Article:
What does it take to be an Arab pilot in the fifteenth century? According to Ibn Mājid’s second Fā’idah, a great deal. It is not enough to master the astronomical and geographical knowledge needed to plan and to make a voyage in the Indian Ocean. Before all that, a pilot should be a person of great character. Learned and accepted among the people, he “should know patience from slowness, distinguish between haste and movement… moderate the words in his speech; be just, righteous and harming no one.” Otherwise —if he fails to meet such values— he is not a pilot in principle.

Such praise for a good character is not an innovation of Ibn Mājid. In Arabic literature on navigation, it is sometimes found linked to the pilots’ responsibility for maintaining a safe voyage. Writing in the tenth century, Buzurg ibn Shahriyār tells the story of a great oceanic storm and how the pilots were even then bound by oaths to preserve the well-being of his ship: “we pilots live with its peace and die with its ruin.”

Man overboard!
British Library Ms. IO Islamic 843, Folio 42v

Following the second Fā’idah, the secret to meet such responsibilities is the combination of two factors: mastery of technical knowledge and possession of a great character. Holding such a combination, a pilot would be prepared to face the challenges posed by oceanic voyages. Thus —Ibn Mājid suddenly concludes—, if one is in possession of a great character, then he should begin to learn the twenty-eight Mansions of the Moon (manāzil). And so, we move to the third Fā’idah! [IB]

10 May 2020

The Magic Circle

Being didactic is a notable trait of Ibn Mājid’s style. These are not cold, detached manuals. Instead, you find throughout his works series of imperatives exhorting the “seeker”, the “questioner”: “understand and know, strive and realize your knowledge,” because “the cases and causes of the sea are many.”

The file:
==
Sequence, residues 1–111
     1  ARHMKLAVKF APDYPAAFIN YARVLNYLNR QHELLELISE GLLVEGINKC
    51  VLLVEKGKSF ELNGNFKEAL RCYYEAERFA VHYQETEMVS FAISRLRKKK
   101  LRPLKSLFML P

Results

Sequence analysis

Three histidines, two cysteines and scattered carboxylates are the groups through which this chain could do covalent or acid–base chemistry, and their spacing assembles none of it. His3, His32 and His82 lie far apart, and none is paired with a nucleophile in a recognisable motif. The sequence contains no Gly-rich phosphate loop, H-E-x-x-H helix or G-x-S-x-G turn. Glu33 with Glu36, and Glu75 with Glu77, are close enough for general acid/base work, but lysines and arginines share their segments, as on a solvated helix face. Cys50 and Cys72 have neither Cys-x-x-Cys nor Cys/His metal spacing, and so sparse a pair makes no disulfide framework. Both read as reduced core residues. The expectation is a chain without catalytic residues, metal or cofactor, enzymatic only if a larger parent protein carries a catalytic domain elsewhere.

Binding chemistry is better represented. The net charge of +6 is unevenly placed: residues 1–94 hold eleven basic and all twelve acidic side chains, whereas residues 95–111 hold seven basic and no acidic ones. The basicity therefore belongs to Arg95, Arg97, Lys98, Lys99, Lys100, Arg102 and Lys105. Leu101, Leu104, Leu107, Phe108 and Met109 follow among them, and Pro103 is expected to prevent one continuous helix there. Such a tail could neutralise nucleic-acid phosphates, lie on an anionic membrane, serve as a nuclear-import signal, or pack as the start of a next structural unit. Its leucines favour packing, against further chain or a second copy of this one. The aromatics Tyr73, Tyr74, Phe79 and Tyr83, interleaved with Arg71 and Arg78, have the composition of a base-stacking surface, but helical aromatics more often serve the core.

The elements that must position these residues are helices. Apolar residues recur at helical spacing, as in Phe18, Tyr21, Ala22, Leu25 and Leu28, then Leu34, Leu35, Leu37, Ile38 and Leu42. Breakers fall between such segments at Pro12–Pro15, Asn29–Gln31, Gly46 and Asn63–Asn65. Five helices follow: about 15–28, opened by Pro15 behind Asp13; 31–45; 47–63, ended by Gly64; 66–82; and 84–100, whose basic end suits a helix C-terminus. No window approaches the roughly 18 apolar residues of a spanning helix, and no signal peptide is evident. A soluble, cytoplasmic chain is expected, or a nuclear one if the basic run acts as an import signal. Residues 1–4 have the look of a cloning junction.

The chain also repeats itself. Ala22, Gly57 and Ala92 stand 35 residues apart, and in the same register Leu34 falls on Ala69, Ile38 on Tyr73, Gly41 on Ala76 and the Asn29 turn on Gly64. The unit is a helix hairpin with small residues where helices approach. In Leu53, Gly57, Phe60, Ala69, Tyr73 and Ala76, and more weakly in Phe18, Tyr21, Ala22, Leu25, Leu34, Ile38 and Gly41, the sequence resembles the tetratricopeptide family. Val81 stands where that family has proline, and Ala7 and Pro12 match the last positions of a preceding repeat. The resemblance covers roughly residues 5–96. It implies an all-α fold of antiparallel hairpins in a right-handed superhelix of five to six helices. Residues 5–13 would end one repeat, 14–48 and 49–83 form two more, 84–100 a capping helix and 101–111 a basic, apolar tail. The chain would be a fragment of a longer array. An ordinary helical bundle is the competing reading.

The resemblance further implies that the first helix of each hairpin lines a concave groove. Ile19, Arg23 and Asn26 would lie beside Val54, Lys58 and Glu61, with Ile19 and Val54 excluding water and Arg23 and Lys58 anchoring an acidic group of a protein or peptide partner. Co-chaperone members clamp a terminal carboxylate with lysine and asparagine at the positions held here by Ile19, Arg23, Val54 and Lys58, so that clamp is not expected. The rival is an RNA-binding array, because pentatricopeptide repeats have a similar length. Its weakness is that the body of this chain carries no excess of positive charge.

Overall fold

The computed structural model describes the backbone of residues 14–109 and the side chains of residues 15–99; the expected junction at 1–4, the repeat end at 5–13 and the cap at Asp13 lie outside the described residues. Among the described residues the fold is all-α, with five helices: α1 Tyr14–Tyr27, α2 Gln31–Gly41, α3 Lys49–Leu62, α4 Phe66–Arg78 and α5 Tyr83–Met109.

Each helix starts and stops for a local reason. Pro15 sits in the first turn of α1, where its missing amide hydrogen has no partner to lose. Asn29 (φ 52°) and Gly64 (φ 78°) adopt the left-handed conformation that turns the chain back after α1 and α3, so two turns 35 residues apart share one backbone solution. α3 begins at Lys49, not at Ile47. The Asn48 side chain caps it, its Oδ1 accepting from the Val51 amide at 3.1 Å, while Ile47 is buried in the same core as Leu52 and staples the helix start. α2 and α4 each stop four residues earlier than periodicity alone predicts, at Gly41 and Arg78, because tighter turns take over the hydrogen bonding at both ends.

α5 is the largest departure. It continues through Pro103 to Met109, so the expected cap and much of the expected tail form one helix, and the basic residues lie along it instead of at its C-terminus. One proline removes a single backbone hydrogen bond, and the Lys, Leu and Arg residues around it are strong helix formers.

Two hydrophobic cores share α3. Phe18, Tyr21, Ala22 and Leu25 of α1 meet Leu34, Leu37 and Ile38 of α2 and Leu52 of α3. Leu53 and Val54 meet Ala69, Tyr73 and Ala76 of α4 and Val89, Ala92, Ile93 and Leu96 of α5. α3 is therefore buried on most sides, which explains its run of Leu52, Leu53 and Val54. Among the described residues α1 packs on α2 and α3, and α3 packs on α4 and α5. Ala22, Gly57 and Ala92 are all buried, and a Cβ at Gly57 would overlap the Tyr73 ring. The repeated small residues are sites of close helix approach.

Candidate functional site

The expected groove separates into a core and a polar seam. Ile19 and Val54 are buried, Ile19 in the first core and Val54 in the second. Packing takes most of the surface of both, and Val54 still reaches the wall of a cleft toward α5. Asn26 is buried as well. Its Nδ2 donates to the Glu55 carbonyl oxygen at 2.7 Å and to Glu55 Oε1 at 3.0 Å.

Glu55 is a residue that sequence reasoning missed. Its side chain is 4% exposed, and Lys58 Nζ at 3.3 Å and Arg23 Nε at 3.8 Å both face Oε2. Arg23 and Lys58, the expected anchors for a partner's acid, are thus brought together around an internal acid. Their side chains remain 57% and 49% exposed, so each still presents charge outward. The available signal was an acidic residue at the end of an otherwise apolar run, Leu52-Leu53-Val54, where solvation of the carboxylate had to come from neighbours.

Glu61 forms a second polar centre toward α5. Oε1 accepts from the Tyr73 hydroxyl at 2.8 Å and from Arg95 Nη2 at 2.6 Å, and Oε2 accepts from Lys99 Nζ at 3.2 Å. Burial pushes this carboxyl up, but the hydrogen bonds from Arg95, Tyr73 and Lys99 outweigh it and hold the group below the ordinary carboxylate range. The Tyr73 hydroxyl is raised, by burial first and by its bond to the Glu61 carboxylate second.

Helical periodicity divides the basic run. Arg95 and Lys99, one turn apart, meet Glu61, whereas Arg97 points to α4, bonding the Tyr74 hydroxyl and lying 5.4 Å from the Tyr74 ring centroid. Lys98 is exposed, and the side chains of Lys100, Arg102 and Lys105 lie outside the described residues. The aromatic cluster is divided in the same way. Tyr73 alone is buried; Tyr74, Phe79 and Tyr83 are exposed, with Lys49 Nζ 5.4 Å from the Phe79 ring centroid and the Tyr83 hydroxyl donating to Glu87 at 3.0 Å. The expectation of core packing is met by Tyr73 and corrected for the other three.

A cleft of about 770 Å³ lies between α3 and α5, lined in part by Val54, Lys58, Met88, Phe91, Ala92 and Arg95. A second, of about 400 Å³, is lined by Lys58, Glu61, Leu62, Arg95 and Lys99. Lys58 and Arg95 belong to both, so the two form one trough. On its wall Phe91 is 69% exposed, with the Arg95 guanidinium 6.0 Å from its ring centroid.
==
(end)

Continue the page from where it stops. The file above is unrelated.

Now, the first thing on the list is “the actual knowledge” of “the magic circle of the rhumbs and mansions (mandal al-akhnān wa-al-manāzil).”

When Ibn Mājid elaborates on the details of the relation between the thirty-two rhumbs and the twenty-eight lunar mansions, on how to lay them upon the circle of the compass in order to plot your course, the immediate and unexpected analogy is that of the Far Eastern luopan, the geomantic compass (or Feng Shui compass), an outright “magic circle” where a central magnetic needle is surrounded by the concentric sequences of signs in spheres of knowledge. “Ponder and ask for advice, and wake the night and be resolute.” Every time, the pilot is virtually at the centre of the universe to perform his task. [JA]

03 May 2020

Cosmic Magnetism

Last Wednesday we were once again taken by Ibn Mājid on an entertaining and unexpected detour, and once again on occasion of the magnetic compass (or rather on the stone itself, al-maghnātīs, lodestone). Adding to the association with King David, we learnt that according to other sources, the discovery of al-maghnātīs is due to al-Khidr, the enigmatic Qur’anic sage and immortal wanderer who looks after travellers and craftsmen… or according to others, it was discovered by Alexander the Great (Dhu’l-Qarnayn)—and anyway the two of them were cousins!

And then things took a cosmic turn: “For the seven heavens and the earth are suspended (or “held together”) by the Magnet of Power” (maghnāṭīs al-qudrah, but those uppercase letters certainly look appropriate here!). I have tried to find similar images in Islamic or other cosmologies, but so far it seems quite unique. There may be something in Indian or Chinese mythology, and it might shed light on the still debated ultimate origin of the magnetic compass. Suggestions are welcome.
Lodesone picture from the collection at Kenyon College.
Then, to round off his explanation, as if to make sure people get his meaning, Ibn Mājid regales us with the only thing he dared write “on such an uncertain matter”, which happens to be a love poem:
Your house is the magnet of my feet when I walk
And you yourself the magnet of my heart and my eyes.
Now, this was unexpected: like Aristotle, when compelled to make understandable the basic force that holds the universe together, he calls upon love and desire. It is quite something to imagine the audience of Ibn Mājid reading these lines, but perhaps less than taking in the gist of his analogy: that from Ibn Mājid’s feet, to the planets and galaxies, to any little magnetic compass in our hands, the same cosmic force is drawing us and guiding us to our destination. [JA]